McCoy, H. V., Hlaing, W., Ergon-Rowe, E., Samuels, D., & Malow, R. (2009). Lessons from the fields: A migrant HIV prevention project. Public Health Reports, 124(6), 790-796.

Lessons from the fields : A migrant HIV prevention project. / McCoy, H. Virginia; Hlaing, WayWay; Ergon-Rowe, Emma; Samuels, Deanne; Malow, Robert.

In: Public Health Reports, Vol. 124, No. 6, 01.11.2009, p. 790-796.

Research output: Contribution to journalArticle

McCoy, HV, Hlaing, W, Ergon-Rowe, E, Samuels, D & Malow, R 2009, 'Lessons from the fields: A migrant HIV prevention project', Public Health Reports, vol. 124, no. 6, pp. 790-796.
McCoy HV, Hlaing W, Ergon-Rowe E, Samuels D, Malow R. Lessons from the fields: A migrant HIV prevention project. Public Health Reports. 2009 Nov 1;124(6):790-796.
McCoy, H. Virginia ; Hlaing, WayWay ; Ergon-Rowe, Emma ; Samuels, Deanne ; Malow, Robert. / Lessons from the fields : A migrant HIV prevention project. In: Public Health Reports. 2009 ; Vol. 124, No. 6. pp. 790-796.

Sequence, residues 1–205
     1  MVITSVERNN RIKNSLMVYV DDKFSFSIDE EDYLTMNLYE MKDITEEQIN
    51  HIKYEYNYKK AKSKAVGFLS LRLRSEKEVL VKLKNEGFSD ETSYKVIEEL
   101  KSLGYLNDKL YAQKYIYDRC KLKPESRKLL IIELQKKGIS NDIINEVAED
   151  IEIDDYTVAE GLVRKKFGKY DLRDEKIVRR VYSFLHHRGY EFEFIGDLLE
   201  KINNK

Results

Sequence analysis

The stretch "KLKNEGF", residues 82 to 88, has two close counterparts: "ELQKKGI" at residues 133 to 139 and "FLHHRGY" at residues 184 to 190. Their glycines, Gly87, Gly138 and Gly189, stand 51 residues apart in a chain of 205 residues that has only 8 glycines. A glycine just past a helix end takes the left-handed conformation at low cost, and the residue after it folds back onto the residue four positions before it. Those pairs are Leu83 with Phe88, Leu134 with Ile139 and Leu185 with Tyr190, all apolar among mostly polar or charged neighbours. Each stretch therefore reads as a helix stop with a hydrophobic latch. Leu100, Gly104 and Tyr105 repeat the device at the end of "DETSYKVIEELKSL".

@article{011cf225a4994aa8ae911af399049cb0,
title = "Lessons from the fields: A migrant HIV prevention project",
abstract = "Migrant and seasonal workers are vulnerable to human immunodeficiency virus (HIV) due to poverty, inadequate knowledge of preventive strategies, and lack of access to health care. This study addresses the disparate impact of HIV among Hispanic and African American migrant workers in Immokalee, Florida, who use alcohol and other drugs. Through pilot testing to adapt the experimental and comparison interventions to these two distinct populations, research staff have learned the importance of (1) establishing and maintaining trust between outreach staff and the migrant community; (2) being aware of cultural nuances and practices that might create challenges to the research process, and the interaction of these factors with poverty; and (3) having flexibility in recruitment and intervention. As one of the first intervention studies in this population to use an experimental design and to focus on the social and contextual factors that contribute to risky behaviors, these lessons may provide guidance for future researchers.",